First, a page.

Being in such close proximity to and having such easy access from India, it might be expected that Sri Lanka received a large number of migrants from its neighbour from pre-historic times. The original inhabitants of the island are believd to be an aboriginal tribe called the Veddahs. The Sinhalese, presently the majority community, are supposed to be the descendants of the colonists, led by Vijaya, from the valley of the Ganges who settled in the island around the 6th century B.C. Sinhala, the language of the Sinhalese, is an Aryan language, closely related to Pali. Buddhism was introduced to Sri Lanka during the reign of King Devanampiya Tissa during the period 307-267 B.C.
Trade relations between India and Sri Lanka are traced to the 3rd century B.C. Historians have not been able to pin-point the actual date of establishment of Tamil settlements in Sri Lanka. However, during the 3rd century B.C. a Tamil General, Elara, set up a Tamil Kingdom at Anuradhapura, in the North Central Province, and ruled there for 44 years. He earned a reputation for his just and impartial administration among the Sinhalese and Tamils and was thus called Elara the Just.
The strategic location of the island, in the Indian Ocean, together with some of the coveted goods it produced, resulted in a fair degree of foreign trade even from ancient times. The Romans discovered the commercial value of Sri Lanka in the first century A.D. and the island was visited by Greeks, Romans, Persians, Arabs, and Chinese traders. Sri Lankas trade offering included Cinnamon, which grew wild in the forests of the wet zone, precious stones, pearls, elephants and ivory.
While most of the traders were only visitors to the island, who made their fortunes and left, it was the Arabs who settled down, making Ceylon their home. Furthermore as the Muslims of Sri lanka claim their desecndancy from the Arabs it is imprtant to look at the information available on the advent of the Arabs to the island.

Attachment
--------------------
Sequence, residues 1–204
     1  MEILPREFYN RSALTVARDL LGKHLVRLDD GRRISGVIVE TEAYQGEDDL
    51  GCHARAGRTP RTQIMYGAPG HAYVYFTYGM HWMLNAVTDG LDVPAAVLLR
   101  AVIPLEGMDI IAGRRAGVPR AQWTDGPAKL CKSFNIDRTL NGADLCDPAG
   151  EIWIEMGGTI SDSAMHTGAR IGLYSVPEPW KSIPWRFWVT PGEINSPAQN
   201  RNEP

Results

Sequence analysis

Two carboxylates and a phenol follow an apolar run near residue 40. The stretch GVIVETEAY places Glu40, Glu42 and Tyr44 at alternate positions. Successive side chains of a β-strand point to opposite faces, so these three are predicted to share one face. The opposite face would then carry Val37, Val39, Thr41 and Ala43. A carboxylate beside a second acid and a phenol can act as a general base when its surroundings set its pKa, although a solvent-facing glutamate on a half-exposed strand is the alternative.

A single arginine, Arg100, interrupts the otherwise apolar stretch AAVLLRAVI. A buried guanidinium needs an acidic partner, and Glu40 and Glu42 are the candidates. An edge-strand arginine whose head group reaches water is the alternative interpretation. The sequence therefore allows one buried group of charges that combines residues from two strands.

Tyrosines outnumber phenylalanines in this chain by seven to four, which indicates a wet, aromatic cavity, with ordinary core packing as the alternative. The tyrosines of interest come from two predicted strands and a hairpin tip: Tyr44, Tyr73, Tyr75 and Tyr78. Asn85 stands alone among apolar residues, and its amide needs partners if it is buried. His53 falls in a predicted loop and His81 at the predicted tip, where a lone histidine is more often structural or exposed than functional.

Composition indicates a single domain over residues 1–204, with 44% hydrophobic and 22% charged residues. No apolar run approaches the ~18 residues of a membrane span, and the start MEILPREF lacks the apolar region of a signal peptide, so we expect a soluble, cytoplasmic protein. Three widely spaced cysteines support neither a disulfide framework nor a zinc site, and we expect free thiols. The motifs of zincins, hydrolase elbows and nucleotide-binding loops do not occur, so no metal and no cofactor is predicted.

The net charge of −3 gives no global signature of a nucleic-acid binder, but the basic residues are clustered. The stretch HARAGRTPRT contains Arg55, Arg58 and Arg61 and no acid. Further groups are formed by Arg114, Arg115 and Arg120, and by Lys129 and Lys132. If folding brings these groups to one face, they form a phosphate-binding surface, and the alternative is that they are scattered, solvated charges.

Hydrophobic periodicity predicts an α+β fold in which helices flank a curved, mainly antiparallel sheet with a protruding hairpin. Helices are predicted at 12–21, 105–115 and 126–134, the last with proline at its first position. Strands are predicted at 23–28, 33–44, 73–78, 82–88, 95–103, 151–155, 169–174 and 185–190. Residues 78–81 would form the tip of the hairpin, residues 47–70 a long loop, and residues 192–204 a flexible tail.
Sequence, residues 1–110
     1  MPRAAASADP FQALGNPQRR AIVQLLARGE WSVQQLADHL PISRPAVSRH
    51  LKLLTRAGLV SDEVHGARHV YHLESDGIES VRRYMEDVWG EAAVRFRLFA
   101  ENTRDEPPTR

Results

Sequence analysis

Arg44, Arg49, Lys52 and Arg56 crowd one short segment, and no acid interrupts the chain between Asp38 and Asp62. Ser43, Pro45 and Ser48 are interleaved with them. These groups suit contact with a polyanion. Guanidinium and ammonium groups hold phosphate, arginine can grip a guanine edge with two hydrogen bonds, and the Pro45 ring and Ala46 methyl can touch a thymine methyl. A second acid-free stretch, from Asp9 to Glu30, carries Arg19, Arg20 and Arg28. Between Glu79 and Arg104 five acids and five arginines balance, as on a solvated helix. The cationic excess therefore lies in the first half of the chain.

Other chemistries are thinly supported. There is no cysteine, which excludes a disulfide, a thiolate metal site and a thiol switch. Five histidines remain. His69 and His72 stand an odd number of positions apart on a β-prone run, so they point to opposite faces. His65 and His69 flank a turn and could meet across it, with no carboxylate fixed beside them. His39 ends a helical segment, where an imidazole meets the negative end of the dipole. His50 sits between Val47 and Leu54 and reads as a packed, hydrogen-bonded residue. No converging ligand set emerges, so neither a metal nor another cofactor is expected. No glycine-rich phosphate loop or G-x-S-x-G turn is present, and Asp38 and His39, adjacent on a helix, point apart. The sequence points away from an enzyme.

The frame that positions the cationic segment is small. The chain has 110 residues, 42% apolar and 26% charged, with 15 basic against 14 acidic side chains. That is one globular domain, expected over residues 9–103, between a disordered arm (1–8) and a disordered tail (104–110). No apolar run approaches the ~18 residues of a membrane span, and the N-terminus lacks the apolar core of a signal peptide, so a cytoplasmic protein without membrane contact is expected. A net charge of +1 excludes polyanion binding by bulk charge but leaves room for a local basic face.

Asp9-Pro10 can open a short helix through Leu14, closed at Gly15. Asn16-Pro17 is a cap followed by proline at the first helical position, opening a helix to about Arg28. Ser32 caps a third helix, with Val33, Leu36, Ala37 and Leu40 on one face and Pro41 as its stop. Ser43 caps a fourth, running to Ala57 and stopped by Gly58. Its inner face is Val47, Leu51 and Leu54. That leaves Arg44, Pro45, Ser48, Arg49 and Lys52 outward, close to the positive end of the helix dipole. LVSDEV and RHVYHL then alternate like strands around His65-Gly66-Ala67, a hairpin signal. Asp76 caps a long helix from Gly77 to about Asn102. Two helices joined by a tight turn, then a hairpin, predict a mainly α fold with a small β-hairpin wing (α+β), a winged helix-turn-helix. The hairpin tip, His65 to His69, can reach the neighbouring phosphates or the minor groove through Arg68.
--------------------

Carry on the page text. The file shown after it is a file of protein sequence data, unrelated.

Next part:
The Tamils of Sri Lanka, throughout history, have attempted to categorize the Sri Lankan Muslims as belonging to the Tamil race. This has been mainly for selfish reasons in a bid to eliminate the minority Muslim community from having its own unique identity. The Government of Sri Lanka, however, treats the Muslims as of Arab origin and as a distinct ethnic group from the Tamils.
Fr. S.G. Perera in his book -History of Ceylon for Schools- Vol. 1. The Portuguese and Dutch Periods, (1505-1796), Colombo (1955), The Associated Newspapers of Ceylon Ltd., p 16, writes,
-The first mention of Arabs in Ceylon appears to be in the Mahavansa (Ancient Sri Lankan history) account of the reign of the King Pandukabhaya, where it is stated that this king set apart land for the Yonas (Muslims) at Anuradhapura-
With the decline of the Roman Empire in the 3rd century A.D., Roman trade also died out and the Arabs and Persians filled up the vacuum; engaging in a rapidly growing inter-coastal trade. After the conquest of Persia (Iran), Syria and Egypt, the Arabs controlled all the important ports and trading stations between East and West. It is estimated that the Arabs had settled in Sri Lanka and Sumatra by the 1st century A.D. K.M. De Silvas, Historical Survey, Sri Lanka – A Survey, London (1977), C. Hurst & Co. Ltd., p 50, states,
-by about the 8th century A.D., the Arabs had formed colonies at the important ports of India, Ceylon and the East Indies. The presence of the Arabs at the ports of Ceylon is attested to by at least three inscriptions discovered at Colombo, Trincomalee and the island of Puliantivu-
The manner in which Islam developed in Sri lanka is very closely similar to that on the Malabar coast of India. Tradition has recorded that Arabs who had settled down on the Malabar coast used to travel from the port of Cranganore to Sri lanka on piligrimage to pay homage to what they believed to be the foot-print of Adam on the top of a montain, which, until today, is called Adams Peak.